Objectives: To estimate the agreement between interview-ascertained medication use and pharmacy records among the population aged older than 50 years, and to identify patient-level predictors of discordance.
Study design and setting: The Irish Longitudinal study on Ageing is representative of community-dwelling adults aged 50 years and older in Ireland. Interview-ascertained medication data from 2,621 participants were linked to pharmacy dispensing records. The kappa statistics measured the agreement between the two sources for 19 therapeutic classes. Logistic regression assessed the effect of patient-level characteristics on survey under- and overreporting of regularly dispensed medications.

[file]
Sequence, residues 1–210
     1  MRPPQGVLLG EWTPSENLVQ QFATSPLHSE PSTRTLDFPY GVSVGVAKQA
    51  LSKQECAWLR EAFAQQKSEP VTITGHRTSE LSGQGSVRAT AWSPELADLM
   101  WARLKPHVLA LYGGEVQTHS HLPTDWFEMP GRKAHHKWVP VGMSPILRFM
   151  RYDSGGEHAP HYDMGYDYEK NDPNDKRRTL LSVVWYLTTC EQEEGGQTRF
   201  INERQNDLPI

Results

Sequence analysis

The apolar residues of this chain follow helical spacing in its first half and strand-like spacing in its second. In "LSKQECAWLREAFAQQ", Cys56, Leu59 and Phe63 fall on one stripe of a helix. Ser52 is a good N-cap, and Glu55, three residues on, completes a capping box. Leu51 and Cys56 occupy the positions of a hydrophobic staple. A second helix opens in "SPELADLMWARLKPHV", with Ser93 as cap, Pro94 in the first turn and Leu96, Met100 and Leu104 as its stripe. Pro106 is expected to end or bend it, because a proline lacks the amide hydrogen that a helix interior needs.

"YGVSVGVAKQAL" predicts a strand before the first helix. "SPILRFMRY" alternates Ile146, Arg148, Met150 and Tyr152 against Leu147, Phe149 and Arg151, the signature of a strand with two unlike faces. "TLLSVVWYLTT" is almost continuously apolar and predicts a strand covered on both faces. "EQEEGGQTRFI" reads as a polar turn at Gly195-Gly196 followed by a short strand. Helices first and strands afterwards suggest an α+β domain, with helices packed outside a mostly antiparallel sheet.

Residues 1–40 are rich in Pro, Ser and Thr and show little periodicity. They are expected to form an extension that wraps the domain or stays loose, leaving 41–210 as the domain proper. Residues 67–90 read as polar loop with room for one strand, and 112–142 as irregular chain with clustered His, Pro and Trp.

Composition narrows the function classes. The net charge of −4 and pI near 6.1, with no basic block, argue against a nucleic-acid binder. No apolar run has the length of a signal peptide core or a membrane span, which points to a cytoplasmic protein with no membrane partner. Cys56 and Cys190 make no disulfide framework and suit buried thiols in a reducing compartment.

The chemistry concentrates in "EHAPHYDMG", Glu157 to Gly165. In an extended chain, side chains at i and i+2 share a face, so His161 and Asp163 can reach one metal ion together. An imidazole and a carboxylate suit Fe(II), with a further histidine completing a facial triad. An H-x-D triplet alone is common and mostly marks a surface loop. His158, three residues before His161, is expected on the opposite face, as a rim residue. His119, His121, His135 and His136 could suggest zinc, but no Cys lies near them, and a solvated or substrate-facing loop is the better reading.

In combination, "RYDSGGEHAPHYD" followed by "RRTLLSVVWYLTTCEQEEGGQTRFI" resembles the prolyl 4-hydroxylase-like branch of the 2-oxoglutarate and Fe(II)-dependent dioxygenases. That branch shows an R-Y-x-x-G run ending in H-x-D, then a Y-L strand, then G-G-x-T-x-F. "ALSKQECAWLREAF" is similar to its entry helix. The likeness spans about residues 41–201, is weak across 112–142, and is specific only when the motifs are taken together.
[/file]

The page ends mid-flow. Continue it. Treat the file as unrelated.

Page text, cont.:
Results: Agreement was good or very good (κ=0.64-0.86) for 15 medication classes, and moderate or poor for antiinflammatory and antirheumatic products (κ=0.54), analgesics (κ=0.50), psycholeptics (κ=0.59), and ophthalmologicals (κ=0.37). Not reporting an indicated health condition, less frequent dispensing, older age, and more medications regularly dispensed were associated with survey underreporting, but results varied by therapeutic class. Memory and cognition were not associated with discordance.
Conclusion: Ascertaining medication use via patient interview seems a valid method for most medication classes and also captures nonprescription and supplement use. However, medications applied topically and as needed may be underreported. The source of medication data should be carefully considered when performing pharmacoepidemiological studies.
Keywords: Aged; Agreement; Indication; Interview; Medicines; Pharmacoepidemiology.
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